• a bunch of parsley (Italian or otherwise)
  • 2 ripe avocados (if they’re small, feel free to add another half)
  1. Fill a large pot with water, and salt it. Bring the water to the boil.
  2. Meanwhile, some mise en place: chop your capers, slice the garlic and zest your lemons.
  3. When the water comes to the boil, toss the spaghetti in, and cook according to package directions.
  4. Sauté the garlic and capers in a generous dribble of olive oil. Give it an occasional stir while you get on with the other ingredients – turn off the heat when you see the edges of the garlic browning ever so slightly.
  5. Zest your lemons if you haven’t yet, and chop the basil and parsley finely.
  6. Add the zest and herbs to the pan, and toss.
  7. Halve and pit your avocados. Make criss-cross cuts in the flesh with a knife, then scrape it out with a spoon and into the pan. Or – if you’ve accidentally frozen your avocados (oops), just mash the flesh into the pan. No great loss here!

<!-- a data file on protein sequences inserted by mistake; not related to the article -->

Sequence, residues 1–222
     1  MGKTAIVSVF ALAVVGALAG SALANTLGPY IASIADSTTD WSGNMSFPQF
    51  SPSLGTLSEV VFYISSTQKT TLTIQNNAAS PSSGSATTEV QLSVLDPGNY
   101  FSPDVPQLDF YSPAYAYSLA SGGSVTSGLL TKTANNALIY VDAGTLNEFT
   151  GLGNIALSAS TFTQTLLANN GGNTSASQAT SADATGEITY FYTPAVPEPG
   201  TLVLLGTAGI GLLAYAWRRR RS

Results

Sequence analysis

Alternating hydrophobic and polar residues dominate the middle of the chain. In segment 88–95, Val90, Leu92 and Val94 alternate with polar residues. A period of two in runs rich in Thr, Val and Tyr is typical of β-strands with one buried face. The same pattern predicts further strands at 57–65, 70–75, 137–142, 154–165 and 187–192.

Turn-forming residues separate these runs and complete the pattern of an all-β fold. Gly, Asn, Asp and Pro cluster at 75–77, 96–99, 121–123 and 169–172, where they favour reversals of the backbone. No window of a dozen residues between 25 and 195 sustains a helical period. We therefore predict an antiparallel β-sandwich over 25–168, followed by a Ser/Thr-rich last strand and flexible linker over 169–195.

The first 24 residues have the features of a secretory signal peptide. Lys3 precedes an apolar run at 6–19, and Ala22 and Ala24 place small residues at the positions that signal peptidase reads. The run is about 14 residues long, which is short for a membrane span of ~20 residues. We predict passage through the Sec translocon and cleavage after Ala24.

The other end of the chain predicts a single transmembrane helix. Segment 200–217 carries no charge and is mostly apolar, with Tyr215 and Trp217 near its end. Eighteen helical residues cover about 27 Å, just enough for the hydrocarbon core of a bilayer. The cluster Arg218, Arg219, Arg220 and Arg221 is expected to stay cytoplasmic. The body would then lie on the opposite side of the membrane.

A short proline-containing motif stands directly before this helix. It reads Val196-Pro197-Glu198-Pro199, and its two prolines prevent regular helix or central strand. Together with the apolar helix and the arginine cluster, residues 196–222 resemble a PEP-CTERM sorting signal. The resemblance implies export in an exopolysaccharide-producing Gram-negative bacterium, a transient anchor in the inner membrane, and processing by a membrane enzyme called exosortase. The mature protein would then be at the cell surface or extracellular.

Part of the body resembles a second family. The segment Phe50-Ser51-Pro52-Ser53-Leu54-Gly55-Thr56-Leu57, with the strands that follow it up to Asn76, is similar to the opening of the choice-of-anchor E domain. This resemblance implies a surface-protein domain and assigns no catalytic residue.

** If you want to be fancy, like Kent: reserve some of the basil leaves and tear them by hand, and save some of the cubed avocado for garnishing.
  8. The spaghetti should be about done by now. Add a half-ladleful of pasta water to the pan along with another dribble of olive oil, then the drained spaghetti. Toss to combine. You may find that the avocado doesn’t remain in dainty cubes, and that’s fine.
  9. Season with lemon juice (all of it, or more if you like), sea salt and freshly ground black pepper. Plate and eat.
This entry was published on September 27, 2015 at 4:44 am. It’s filed under Day to Day, Food, Japan, Kyoto and tagged , , , , , , , , , . Bookmark the permalink. Follow any comments here with the RSS feed for this post.